Difference between revisions of "Indonesia"
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Revision as of 04:03, 30 November 2012
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Hitchhiking is a pretty much unknown concept in Indonesia, and it might be hard to get a free ride at times. Despite all that, hitchhiking on islands of Java, Sumatra, Bali and Borneo might go very smoothly: on Java, according to those few hitchhikers who went there, you hardly wait ten minutes before you get a ride. Traffic is very slow though, and if you want to cross the whole country and get a full picture of Indonesia, it is not convenient to take a mere 1 month visa.
The thumb isn't used in Asia for hitching and a sign isnt really necessary. Instead of sticking out a thumb wave down each car as if you were signalling for them to slow down.[]
Getting a free ferry ride is also possible at least through a practice of hiding behind the truck seat. In fact, trucks are allowed to take 2 (3?) people for free onto a ferry - so you might be either one of the guys going for free, or one of the extra-passengers; in latter case you should rather hide behind the seat, and once you are on a ferry, relax - no one wants to see the ticket later on.
Most used harbors on Java island are Jakarta's Tanjung Priok and Surabaja's (goes to Borneo, 20h). The passenger ticket for the ferry Java-Bali is half a dollar a price, so you might as well skip hitchhiking there.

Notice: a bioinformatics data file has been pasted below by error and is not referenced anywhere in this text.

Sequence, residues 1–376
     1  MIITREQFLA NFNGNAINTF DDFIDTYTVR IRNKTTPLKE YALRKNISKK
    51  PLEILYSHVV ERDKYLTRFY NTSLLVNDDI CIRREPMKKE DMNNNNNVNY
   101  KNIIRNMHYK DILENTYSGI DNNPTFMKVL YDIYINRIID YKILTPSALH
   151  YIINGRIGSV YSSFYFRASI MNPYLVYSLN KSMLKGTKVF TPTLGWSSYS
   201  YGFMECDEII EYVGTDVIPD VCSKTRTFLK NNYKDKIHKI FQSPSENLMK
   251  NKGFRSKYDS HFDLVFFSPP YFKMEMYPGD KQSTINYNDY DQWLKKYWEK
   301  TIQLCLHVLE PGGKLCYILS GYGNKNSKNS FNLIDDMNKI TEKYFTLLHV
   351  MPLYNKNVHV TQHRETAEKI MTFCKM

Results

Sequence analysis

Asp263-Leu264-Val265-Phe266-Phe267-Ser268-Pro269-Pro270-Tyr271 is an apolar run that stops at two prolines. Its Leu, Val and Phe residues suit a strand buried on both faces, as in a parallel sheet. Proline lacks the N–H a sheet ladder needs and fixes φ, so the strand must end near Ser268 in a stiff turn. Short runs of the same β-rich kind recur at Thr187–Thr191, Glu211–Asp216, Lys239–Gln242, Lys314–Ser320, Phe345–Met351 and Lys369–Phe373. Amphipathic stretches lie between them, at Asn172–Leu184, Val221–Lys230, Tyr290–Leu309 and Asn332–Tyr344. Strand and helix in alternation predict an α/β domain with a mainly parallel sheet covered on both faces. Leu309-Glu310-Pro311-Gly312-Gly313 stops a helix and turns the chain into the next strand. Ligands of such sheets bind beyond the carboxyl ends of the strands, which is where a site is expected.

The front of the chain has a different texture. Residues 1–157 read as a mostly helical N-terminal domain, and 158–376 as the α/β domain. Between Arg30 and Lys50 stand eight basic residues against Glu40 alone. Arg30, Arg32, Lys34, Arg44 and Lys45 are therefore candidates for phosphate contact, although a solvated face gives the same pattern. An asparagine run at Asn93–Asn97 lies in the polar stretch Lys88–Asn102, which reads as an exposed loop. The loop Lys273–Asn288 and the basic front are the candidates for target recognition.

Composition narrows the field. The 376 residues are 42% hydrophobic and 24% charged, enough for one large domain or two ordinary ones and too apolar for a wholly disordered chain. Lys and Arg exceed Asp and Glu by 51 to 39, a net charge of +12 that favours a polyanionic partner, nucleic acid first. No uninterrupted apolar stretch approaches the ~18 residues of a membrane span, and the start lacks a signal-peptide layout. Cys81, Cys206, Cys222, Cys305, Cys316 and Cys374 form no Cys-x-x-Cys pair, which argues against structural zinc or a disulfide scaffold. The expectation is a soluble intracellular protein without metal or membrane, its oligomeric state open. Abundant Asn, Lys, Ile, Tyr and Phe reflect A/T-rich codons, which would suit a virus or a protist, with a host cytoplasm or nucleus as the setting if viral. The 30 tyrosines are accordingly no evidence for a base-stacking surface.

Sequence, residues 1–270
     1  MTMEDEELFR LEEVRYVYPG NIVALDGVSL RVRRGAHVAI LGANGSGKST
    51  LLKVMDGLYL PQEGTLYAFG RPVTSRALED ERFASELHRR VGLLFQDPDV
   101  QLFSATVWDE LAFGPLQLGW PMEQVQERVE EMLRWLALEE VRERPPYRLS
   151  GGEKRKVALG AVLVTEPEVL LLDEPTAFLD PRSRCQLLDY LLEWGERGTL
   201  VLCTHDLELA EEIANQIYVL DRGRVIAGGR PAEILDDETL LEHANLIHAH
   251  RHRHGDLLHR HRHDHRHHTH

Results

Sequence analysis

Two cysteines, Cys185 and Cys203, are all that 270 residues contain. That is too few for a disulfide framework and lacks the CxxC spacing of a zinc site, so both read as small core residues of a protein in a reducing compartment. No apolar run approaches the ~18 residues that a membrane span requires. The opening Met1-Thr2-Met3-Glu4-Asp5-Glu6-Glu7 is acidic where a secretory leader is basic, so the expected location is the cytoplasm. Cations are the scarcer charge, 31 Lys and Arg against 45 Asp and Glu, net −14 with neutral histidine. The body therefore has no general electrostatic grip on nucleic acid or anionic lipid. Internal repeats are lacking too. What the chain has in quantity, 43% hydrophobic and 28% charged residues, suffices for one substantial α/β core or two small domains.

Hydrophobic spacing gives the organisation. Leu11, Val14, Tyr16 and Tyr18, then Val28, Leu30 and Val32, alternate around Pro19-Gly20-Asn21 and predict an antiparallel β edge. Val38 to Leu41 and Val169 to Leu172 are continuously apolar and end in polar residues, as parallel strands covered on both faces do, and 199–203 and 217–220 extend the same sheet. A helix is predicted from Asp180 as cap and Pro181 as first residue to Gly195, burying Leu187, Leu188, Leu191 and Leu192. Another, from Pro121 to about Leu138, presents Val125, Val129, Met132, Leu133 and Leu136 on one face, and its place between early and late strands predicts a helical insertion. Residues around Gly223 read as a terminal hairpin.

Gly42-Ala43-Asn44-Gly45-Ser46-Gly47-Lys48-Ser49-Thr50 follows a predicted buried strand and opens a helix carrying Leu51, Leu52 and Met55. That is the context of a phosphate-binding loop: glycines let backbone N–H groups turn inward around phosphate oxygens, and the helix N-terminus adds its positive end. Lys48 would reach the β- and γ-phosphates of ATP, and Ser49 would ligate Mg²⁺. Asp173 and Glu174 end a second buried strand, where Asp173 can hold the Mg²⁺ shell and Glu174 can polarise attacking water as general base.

Hitchhiking in Sumatra is very easy for people with white skin and can be faster and more comfortable than public transport. The trans-Sumatran highway is used by cars going longer distances and is faster than the more scenic coastal/ small mountain roads. Getting a lift into town is also faster and easier than public transport. Often the Indonesians also feel obliged to pay for food and help find accomodation.
To differentiate between hitching a free ride and calling a taxi/ojek over, the word 'numpeng' (pronunciation varies) is used to mean a free ride.
It is also possible to ride the freight trains through central Java for free. Though police are loath to let a large number of tourists on - it generally being the reserve of the poorest of travelling Indonesians - it is possible in small numbers. Simply head to the train station and ask about 'krater barang barang' (luggage train). Particularly in smaller stations even the guards will be happy to help, through their information is often contradicted by each person you meet, asking every person you can is generally a good way to work out when a train might be coming through. There is generally one main train line that runs through Java for freight. It divides at each end (west and east), but if you're if hoping to head west, just get on the train going west and vice versa.